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by Henry Kissinger

Unabridged, 9 CDs, 11 hours Read by TBA Drawing on forty years of intimate acquaintance with the country and its leaders, Henry Kissinger reflects on how China's past relations with the outside world illuminate its twenty-first-century trajectory.
Download On China epub
ISBN: 0142428361
ISBN13: 978-0142428368
Category: Politics
Subcategory: Politics & Government
Author: Henry Kissinger
Language: English
Publisher: Penguin Audio; Unabridged edition (May 17, 2011)
ePUB size: 1151 kb
FB2 size: 1542 kb
Rating: 4.1
Votes: 517
Other Formats: mbr mobi txt lit

In On China, Kissinger describes what he calls the "triangulation" between China, the US, and the USSR. Kissinger tells us that Chinese leaders, starting with Mao Zedong, skillfully played the Americans and Russians off against each other, bolstering China's relatively weak position and enabling it to behave as a third Superpower. This account is the most significant element in On China, though Kissinger gives us more. He briefly sketches China's history, including the odd fact that the vast country apparently has no origin myth -- even in its oldest stories China was simply always there -- and then brings the picture into increasing detail as he moves forward, achieving the sharpest focus in those years when Kissinger himself was closely involved in the Chinese--American interaction. Along the way we get glimpses of the personalities of 20th and 21st century Chinese leaders. Mao, for example, comes across as brilliant and fiercely determined, but lacking any sense of empathy. Zhou Enlai was subtle, polite and solicitous, but distant. Deng Xioping was practical, down-to-earth, and direct, and so on -- the former Secretary of State is at pains to be objective and to give everyone his due. Kissinger may be an old cold warrior, and some will never forgive him for his involvement with the Vietnam war and the bombing of Cambodia, but his analyses are always insightful, and it is fascinating to follow his mind at work. Highly recommended.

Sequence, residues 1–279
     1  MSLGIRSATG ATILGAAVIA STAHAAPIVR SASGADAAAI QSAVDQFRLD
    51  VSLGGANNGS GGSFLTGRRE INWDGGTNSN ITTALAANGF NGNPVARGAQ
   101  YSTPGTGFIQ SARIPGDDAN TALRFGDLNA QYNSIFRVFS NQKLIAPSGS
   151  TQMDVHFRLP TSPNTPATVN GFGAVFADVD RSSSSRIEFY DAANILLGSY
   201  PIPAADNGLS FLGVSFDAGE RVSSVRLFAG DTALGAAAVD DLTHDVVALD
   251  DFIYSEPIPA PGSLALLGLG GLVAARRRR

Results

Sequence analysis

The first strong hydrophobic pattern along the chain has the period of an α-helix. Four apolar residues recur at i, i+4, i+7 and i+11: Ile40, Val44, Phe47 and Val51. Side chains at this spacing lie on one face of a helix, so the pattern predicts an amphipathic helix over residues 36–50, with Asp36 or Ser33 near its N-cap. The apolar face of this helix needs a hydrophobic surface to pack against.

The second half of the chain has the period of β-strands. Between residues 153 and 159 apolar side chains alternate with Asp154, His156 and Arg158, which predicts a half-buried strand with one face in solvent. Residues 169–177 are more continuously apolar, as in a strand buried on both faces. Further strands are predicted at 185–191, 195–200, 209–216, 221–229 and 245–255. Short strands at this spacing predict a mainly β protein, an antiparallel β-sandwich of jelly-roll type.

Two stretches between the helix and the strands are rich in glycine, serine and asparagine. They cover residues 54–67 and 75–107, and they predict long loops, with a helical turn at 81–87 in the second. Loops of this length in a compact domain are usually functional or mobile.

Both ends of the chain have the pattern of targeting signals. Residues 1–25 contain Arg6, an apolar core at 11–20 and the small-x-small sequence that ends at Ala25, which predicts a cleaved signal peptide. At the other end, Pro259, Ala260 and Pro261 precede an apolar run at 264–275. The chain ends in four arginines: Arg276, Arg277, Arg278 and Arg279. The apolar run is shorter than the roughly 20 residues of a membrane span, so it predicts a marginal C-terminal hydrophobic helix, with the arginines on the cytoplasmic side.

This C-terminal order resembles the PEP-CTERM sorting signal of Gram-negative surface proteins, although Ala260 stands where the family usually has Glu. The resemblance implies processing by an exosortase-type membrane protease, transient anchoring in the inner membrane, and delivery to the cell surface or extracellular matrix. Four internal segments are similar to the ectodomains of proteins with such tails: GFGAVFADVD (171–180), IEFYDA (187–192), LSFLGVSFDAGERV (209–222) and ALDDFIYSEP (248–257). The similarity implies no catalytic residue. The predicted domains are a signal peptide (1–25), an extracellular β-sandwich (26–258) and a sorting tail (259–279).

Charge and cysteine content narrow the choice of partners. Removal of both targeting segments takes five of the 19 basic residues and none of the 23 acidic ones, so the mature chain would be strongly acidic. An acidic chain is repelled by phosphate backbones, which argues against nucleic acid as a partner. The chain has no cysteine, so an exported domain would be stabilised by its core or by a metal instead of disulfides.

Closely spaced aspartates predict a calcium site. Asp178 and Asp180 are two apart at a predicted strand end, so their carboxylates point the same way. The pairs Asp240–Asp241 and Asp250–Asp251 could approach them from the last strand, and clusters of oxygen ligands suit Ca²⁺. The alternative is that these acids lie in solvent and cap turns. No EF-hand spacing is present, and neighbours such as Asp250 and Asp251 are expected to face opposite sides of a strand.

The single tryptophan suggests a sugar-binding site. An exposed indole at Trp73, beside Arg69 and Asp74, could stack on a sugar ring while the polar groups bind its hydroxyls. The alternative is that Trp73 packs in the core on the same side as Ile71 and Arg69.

The book is of immense value to anyone with even a passing interest in US, China relations. While some may criticize HAK for his treatment of Moa and other significant dignitaries, i.e. he does not go into detail regarding personalities and character traits, he does provide adequate information concerning their thoughts and statements related to his, HAK's, experience with them. Typical of Kissinger writings related to historical events, he frames all actors in such a way as to explain their behavior, rather than to microscopically examine their motives or personalities....with the practical effect, the reader is allowed to concentrate on events, instead of becoming embroiled in particulars related to individuals..........All people have particulars, about which, volumes of speculative writings could be generated; HAK penetrates and emphasizes the traits understandable to virtually every person. I believe the great lesson presented by this volume is that deep understanding of previous events, not the random occurrence various personalities, is the touchstone of successful international relations. HAK is a master of not losing perspective on the forest by becoming too concerned with the individual trees.
I’m giving this book 5 stars because of its uniqueness and the value of its personal interpretation of events, the many direct quotes and examples given, and the the author’s obvious importance in the last 40 years of world history. That is not to say this is a perfect book. It’s is peculiar to itself and worth the read.

As someone who has studied and lived in China, though after the periods referred to in the book for the most part, I find many of his explanations and analysis to be worthy of serious consideration and based on historical fact with consideration of the ancient and modern Chinese consciousness. Do I agree with everything? No. This book would have been too tame and timid if every statement expressed in its pages were wholly supported by all readers.

I anticipate, from a quick scan of other reviews, that some will find the author rather laudatory towards several of the Chinese leaders mentioned. He does show respect, something the American republic is often hesitant to do towards any foreign leader or even our own; however, you will find he writes with similar respect towards American leaders of similar time periods and it is impossible to write clear facts in some cases, without it being assumed that credit is being given.

The author has a very well realized concept of the stumbling blocks, cultural tripping points and shear weight of history that face any combination of leaders from China and the U.S. as they try to step forward into the future. In many cases, it seems that he is refraining from judgement or attempting to put forth facts that the general public with its media pipeline of information, may not have considered. One must read this book for its value as a statement of viewpoint and personally experienced event, understood from one man’s perspective. It is useful, in and of itself; all accounts of history have a perspective unique to the telling and the study of what it perceived or advertised is nearly as important as the event themselves. Consider Ramesses II and his carving commemorating the defeat of the Hittites at Kadesh.